Mbanenande is further accused of having participated in attacks against ten thousands of people who had fled to the massif in Bisesero south of Kibuye between 9 April and 30 June 1994. Mbanenande is accused of having participated in the actual killings as well as of organising groups of young Hutus with the intention letting them participate in the killing of Tutsis.
After the genocide, Mbanenande fled to Sweden where he claimed refuge and he was later granted Swedish citizenship.
In 2009, a Gacaca court sentenced Mbanenande to life in absentia on four counts related to his role in the 1994 genocide against the Tutsi. Following the Gacaca sentence, Interpol issued a warrant for Mbanenande’s arrest and he was arrested by Swedish police on 22 December 2011. He has remained in custody since 26 December 2011. Following Mbanenande’s arrest, police and prosecution officials from Sweden came to Rwanda to discuss the case with John Bosco Siboyintore, the head of the Genocide Fugitives Tracking Unit in the National Prosecution Authority.
Mbanenande was indicted by the Stockholm District court on 5 November 2012 on the counts of genocide and jus gentium including the crimes of murder, attempted murder and abduction.
Mbanenande pleads not guilty.
Mbanenande was indicted by the Stockholm District court on 5 November 2012 on the counts of genocide and jus gentium including the crimes of murder, attempted murder and abduction. Mbanenande pleaded not guilty.
The trial started on 16 November 2012 and the Swedish Government, upon the Prosecutor’s request, decided to hold the trial in Sweden, since the accused was a Swedish citizen. However, out of the 80 days of trial, some of them were held in Rwanda. By the end of November 2012, the Bench, the Prosecution, the Defense and the victims’ representation travelled to the areas around Kibuye and from 28 November and onwards, questioning of victims and witnesses will be held in the Supreme Court’s premises in Kigali. The Prosecution called over 40 witnesses, 19 out of those are survivors of the alleged murder attempts committed by Mbanenande.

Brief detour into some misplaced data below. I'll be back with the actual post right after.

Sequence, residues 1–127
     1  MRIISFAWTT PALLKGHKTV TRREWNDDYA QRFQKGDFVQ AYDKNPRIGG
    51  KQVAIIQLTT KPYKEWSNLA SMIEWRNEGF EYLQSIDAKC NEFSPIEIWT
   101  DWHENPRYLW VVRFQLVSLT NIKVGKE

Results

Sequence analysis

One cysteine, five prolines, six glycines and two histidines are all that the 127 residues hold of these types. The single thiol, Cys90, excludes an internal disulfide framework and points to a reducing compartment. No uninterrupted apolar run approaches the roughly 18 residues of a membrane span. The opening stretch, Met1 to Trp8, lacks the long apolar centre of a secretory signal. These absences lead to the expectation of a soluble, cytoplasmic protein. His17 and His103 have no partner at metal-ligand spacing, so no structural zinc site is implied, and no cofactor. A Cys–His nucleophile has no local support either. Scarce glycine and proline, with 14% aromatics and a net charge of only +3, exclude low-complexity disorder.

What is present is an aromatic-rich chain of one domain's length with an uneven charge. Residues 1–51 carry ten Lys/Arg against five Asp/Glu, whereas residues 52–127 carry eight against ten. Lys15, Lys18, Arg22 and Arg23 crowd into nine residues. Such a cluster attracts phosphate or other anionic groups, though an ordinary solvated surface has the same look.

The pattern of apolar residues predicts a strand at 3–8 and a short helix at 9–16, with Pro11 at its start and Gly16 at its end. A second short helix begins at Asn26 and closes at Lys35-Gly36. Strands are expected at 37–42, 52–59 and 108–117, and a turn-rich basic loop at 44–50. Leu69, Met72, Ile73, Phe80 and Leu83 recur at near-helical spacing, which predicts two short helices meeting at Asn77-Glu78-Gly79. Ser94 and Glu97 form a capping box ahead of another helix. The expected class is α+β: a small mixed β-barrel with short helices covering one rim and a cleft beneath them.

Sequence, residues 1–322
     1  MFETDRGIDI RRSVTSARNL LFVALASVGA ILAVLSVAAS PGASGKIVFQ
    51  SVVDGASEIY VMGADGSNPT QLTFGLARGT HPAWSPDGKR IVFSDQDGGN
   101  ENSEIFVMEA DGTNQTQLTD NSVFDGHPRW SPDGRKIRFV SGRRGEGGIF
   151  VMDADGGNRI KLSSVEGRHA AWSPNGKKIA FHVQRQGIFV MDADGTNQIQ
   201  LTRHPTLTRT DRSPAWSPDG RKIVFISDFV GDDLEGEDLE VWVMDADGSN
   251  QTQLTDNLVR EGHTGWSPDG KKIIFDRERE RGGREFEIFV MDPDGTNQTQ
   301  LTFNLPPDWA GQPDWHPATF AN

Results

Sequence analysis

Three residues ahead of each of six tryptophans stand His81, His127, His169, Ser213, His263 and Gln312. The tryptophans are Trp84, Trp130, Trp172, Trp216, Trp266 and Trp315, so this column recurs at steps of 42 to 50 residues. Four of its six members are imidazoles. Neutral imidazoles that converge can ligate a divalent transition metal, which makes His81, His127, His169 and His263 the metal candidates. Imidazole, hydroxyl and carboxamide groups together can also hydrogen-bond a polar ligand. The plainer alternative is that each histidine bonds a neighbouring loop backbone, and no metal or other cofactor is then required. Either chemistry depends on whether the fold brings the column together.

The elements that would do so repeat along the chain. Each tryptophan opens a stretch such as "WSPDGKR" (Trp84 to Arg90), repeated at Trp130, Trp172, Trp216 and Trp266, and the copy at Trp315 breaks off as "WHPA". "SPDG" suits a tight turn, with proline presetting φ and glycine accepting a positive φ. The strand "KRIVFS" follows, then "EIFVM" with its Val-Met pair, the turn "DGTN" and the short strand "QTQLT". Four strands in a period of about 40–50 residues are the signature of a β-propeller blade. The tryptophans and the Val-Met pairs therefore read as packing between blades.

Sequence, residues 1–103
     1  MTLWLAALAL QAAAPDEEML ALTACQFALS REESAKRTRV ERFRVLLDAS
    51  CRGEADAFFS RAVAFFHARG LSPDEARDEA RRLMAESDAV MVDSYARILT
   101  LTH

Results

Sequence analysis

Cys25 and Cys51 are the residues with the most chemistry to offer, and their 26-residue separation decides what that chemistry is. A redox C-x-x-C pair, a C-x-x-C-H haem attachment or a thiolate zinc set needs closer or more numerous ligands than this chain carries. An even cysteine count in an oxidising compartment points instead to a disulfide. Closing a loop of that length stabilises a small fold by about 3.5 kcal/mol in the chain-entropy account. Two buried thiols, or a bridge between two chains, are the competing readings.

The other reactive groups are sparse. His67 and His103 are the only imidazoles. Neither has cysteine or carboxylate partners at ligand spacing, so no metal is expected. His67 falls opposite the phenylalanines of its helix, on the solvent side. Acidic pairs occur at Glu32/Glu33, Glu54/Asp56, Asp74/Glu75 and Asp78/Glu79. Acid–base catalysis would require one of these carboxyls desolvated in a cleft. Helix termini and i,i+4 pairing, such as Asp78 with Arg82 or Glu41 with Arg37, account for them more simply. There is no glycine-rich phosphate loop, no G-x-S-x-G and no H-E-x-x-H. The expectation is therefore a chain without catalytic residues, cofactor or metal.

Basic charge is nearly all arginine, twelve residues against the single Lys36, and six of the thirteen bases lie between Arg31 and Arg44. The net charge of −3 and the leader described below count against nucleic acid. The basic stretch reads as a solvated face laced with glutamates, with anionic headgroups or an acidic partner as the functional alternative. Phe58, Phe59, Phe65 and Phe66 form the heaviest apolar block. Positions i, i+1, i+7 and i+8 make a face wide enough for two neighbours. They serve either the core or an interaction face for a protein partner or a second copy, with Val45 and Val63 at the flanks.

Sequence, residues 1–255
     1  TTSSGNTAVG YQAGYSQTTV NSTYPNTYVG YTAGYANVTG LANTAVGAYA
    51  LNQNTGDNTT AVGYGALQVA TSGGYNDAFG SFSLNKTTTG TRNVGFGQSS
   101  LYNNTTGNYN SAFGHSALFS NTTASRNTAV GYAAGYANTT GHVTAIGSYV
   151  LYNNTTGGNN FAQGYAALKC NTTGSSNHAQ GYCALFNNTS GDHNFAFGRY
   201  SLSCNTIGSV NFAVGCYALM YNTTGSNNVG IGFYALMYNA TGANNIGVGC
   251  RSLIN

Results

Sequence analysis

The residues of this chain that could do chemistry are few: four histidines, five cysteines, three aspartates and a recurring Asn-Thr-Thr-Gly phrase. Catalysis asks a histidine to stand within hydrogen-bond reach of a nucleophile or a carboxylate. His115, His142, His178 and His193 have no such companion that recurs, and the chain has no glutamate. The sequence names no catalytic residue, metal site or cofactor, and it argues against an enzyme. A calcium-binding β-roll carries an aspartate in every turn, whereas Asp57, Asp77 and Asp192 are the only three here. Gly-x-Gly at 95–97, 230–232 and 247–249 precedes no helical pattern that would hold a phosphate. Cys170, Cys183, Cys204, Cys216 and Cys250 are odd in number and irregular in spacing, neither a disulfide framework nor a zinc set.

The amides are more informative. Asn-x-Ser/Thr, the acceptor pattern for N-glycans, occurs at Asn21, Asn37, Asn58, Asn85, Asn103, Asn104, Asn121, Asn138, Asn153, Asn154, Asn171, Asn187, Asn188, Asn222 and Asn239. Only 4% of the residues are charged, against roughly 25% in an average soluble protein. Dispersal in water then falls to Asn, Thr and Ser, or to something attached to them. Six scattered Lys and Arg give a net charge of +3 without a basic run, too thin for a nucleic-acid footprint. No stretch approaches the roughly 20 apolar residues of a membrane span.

This was the first time that a Swedish court tried the crime of genocide and the first case in relation to Rwanda. The Stockholm District Court has, nevertheless, tried several cases of war crime committed during the Balkan Wars during the 90s.
Mbanenande’s defense lawyer, Tomas Nilsson argued that it is difficult to handle the evidence in the case as they deal with incidents that occurred 18 years ago.
The case is controversial as Mbanenande has already been sentenced by a Gacaca court and it is against international principles to try someone for the same crime twice. However, Swedish law does not recognise gacacas and it is therefore argued by the Court that it can try the accused in Sweden. The Defense, nevertheless, pointed out that even though the Swedish Court does not recognise the Gacaca sentence, several of the testimonies overlap.
On 20 June 2013, the Swedish court delivered its judgement and sentenced Mbanenande to life imprisonment.
According to the Court Mbanenande had a leading role at a lower level and was directly involved in killings, attempted killings and the kidnapping of civilians in Kibuye between 6 April and 18 July 1994. Mbanenande was also found guilty of attempted murder at several occasions for firing with an automatic weapon at a group of people. In relation to some of the charges surrounding the massacres in a neighbourhood in Kibuye, the Court held that the Prosecutor had not presented enough evidence for a conviction.